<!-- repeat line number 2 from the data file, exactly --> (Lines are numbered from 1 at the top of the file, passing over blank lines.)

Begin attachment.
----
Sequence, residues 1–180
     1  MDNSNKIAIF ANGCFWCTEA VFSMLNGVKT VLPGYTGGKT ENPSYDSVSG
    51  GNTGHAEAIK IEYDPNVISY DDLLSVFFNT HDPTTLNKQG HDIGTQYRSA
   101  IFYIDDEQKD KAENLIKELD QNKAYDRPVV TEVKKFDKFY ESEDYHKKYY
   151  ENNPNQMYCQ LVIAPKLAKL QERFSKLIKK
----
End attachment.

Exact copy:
     1  MDNSNKIAIF ANGCFWCTEA VFSMLNGVKT VLPGYTGGKT ENPSYDSVSG